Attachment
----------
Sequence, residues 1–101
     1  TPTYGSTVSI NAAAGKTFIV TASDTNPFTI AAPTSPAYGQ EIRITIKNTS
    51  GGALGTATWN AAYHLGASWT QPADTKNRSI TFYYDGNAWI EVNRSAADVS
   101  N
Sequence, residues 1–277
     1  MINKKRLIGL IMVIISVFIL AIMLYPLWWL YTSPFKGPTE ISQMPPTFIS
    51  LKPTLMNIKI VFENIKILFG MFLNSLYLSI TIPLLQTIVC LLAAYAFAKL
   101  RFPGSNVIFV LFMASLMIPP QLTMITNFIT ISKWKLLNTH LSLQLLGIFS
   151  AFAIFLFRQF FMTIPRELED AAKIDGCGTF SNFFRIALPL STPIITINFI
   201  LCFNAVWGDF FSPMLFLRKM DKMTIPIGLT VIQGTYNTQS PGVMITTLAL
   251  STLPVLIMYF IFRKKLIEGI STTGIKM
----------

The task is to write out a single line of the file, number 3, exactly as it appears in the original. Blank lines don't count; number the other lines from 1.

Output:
    51  GGALGTATWN AAYHLGASWT QPADTKNRSI TFYYDGNAWI EVNRSAADVS